Salmaggi was one of Italy’s leading motorcycle designers of the prewar era and his Gilera Saturno had become the most sought-after privateer race bike of the 1930s. If Salmaggi’s pushrod production-racer Saturno was the benchmark for single-cylinder 500cc Italian racing machinery, his Lambretta V-twin was to boldly go where no GP designer had gone before. 

Sure, there were inline 4-cylinders from Gilera, and soon from MV Agusta, plus a 120-degree V-twin from Moto Guzzi, but when the Lambretta was first displayed at the 1951 Milan show there was nothing like it on earth.

What was all the fuss about?

Lambretta’s GP effort is considered to be the result of a commercial stand-off between it and Moto Guzzi. Lambretta intended to expand into motorcycle production, but Moto Guzzi was opposed to it. Defiantly, Lambretta built and developed its 250cc GP racer over three years, perhaps as a show of its design strength. Lambretta was on a roll in the early 1950s, even running a small supercharged 125cc streamliner to three world records. 

Grand Prix racing motorcycles of the time often looked like a work in progress. Form followed function rather than style leading the way. Not so with the Lambretta racer. It looked more like a production model than a prototype GP racer. A super clean unit-construction engine, unique frame design and carefully contoured bodywork combined in a glorious statement of Italian innovation.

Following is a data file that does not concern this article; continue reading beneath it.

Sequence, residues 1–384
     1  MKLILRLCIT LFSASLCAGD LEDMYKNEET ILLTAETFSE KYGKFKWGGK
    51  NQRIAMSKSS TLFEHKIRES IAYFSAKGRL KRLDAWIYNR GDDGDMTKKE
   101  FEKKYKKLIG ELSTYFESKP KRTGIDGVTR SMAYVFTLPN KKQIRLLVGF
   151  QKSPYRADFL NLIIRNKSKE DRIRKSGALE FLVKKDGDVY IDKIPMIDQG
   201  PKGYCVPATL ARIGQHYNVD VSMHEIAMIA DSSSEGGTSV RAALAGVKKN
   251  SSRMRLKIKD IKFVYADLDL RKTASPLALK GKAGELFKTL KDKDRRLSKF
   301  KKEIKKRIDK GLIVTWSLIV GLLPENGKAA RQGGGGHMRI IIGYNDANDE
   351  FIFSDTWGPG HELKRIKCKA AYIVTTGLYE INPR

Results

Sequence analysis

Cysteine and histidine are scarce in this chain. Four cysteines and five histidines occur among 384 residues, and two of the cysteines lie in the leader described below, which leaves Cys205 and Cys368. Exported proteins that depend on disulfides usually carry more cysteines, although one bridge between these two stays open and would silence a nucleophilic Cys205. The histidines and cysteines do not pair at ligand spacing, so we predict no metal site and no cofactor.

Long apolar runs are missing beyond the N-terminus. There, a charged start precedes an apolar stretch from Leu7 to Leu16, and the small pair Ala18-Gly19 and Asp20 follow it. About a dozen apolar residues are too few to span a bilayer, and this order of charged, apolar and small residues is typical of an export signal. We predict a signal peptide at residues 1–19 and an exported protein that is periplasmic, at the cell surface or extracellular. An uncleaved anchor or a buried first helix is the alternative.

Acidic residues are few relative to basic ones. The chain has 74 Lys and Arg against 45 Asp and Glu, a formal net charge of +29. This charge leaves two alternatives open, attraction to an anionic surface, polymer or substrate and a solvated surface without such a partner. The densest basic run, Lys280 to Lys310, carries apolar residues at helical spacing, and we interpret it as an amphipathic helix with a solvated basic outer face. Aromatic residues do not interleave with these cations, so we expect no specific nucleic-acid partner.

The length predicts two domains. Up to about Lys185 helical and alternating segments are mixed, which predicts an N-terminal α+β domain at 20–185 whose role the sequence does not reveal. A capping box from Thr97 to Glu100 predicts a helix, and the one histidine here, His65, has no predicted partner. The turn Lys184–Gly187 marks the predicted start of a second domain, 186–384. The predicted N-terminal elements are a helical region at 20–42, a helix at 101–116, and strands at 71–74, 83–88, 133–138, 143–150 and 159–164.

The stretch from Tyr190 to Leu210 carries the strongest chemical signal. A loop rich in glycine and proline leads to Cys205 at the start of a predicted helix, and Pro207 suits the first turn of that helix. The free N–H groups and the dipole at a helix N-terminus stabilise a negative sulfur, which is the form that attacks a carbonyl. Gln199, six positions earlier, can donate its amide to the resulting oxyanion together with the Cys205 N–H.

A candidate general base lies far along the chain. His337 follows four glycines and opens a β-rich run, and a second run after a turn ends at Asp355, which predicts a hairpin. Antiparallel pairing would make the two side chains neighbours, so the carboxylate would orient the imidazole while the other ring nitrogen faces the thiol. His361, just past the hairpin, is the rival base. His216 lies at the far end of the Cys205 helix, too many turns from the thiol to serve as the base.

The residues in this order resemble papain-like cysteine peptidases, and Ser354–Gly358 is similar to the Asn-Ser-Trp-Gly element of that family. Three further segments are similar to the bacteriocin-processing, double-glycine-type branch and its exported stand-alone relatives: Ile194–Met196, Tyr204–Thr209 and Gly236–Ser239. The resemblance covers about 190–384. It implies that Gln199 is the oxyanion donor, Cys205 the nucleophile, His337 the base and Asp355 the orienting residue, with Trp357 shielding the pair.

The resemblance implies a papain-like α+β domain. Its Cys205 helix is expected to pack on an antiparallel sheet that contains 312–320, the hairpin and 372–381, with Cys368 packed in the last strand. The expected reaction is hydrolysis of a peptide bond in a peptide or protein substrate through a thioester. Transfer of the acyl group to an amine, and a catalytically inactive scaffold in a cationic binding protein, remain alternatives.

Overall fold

The result was described as a “masterpiece in engineering” by a major motorcycle newspaper. The 90-degree V-twin engine had its crankshaft mounted inline with the frame, not across it, which pushed the cylinders out into the breeze for better cooling. The square 54mm by 54mm bore and stroke gave a capacity of 247cc and a claimed power output of 29 horsepower at 9,000rpm on pump gas, with a top speed near 106mph.

Much thought had gone into the design. The alloy heads contained two valves each, controlled by triple-coil springs (not the more usual two) and actuated by a camshaft that ran in small ball bearings (not bushings) with pressure-fed oil. The camshaft was driven by a shaft and bevel gears off the crankshaft.

The bullet-shaped front of the crankcase contained a flywheel-mounted magneto with a tachometer drive above it. Behind the engine was a 5-speed transmission with positive-stop action and a heel-toe lever. Strangely, rear drive was by shaft, a much heavier option than using a conventional chain. However, the rest of the little powerhouse was pure racer; generous finning covered much of the engine and the large oil tank, which had an easy-access filler.